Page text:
The Books of the New Testament

First John

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The Book of 1 John

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Brief Summary. John encourages believers that Jesus was Jehovah God who had come in the flesh, that God is Light and he encourages Christians to walk in the light by keeping His commandments, and the main commandment was to love God and love one another. Anyone who does not love is an antichrist, and anyone who teaches that Jesus was not Jehovah come in a fleshly body is from the spirit of error. Whoever is fellowshipping with the world and sin is not from God. Christians should love one another and they will be assured that they know God and have Eternal Life.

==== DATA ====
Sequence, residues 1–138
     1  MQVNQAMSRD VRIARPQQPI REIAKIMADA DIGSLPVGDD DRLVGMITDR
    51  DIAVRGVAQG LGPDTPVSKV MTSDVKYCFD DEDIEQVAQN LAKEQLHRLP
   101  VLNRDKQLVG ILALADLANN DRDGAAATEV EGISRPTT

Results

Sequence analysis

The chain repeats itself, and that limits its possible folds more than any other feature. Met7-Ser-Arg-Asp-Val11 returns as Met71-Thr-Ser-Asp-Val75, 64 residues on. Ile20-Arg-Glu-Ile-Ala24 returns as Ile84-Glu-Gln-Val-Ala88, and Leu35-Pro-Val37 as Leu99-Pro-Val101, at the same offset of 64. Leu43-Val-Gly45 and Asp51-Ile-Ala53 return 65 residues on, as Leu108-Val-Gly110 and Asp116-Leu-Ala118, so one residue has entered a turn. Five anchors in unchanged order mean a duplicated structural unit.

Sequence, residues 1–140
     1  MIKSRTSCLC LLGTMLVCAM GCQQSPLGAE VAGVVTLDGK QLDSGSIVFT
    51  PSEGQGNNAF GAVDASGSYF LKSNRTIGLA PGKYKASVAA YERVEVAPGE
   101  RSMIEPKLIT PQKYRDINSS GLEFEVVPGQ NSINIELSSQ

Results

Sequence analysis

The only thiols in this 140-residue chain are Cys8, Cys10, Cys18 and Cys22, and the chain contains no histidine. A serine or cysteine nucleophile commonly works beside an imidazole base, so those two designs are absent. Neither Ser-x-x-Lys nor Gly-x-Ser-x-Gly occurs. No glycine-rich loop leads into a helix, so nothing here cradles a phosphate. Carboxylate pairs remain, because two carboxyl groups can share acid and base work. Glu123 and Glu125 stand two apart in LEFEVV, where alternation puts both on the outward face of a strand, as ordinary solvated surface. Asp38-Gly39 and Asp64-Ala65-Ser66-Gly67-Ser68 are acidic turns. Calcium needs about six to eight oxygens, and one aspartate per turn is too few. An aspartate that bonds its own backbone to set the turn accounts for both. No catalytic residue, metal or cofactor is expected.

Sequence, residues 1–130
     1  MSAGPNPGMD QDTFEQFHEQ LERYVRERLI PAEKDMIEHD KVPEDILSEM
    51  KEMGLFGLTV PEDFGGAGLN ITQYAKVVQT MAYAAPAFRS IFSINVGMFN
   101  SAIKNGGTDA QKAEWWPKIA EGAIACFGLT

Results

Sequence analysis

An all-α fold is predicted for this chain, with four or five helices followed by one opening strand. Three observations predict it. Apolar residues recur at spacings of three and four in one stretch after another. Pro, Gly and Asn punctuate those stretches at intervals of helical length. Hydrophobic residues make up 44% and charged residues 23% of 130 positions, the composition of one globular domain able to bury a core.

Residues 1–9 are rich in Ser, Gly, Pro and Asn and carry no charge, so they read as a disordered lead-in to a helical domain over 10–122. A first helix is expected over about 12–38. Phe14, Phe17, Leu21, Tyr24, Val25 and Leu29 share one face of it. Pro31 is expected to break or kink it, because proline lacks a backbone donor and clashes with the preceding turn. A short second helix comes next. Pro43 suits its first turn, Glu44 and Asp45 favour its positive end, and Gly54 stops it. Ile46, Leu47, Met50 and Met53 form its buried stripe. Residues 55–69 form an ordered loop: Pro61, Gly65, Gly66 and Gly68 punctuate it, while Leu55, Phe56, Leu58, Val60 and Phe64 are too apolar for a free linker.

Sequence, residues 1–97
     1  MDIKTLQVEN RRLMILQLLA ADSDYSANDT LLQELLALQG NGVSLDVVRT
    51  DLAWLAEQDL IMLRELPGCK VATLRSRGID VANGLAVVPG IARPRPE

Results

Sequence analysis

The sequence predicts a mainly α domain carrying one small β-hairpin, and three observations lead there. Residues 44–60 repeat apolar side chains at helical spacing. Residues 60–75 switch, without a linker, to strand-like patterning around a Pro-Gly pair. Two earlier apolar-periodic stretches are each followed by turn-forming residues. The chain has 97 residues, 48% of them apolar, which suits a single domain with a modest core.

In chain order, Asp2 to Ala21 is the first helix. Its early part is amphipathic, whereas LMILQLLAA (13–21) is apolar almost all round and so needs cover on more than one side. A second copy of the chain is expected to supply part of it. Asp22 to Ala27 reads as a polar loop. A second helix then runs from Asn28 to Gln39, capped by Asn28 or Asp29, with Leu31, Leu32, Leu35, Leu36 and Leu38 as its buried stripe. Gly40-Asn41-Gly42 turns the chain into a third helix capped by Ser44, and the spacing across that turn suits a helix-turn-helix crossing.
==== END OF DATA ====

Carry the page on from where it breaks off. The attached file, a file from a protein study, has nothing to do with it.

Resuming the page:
Latin: Iohannis I

Greek: Ioannou a, First (letter) of John

Author: John the disciple whom Jesus loved.

Date: 80-90

Place: Ephesus

Writing to: Christians and people in and near Ephesus.

Doctrinal Classification: Soteriology

General Theme: Assurance of personal salvation

 

Important Points: The Love of God. John describes true fellowship of the believer with believer and with God. Describes God as light and love. Encourages a holy Christian walk before the Lord. Much mention of Christian love.

 

Smith's Bible Dictionary: First John

Unger's Bible Dictionary: First John


Read the Book of 1 John
Study the Book of 1 John

Summary of the Book of 1 John

Bible Books and Resource Links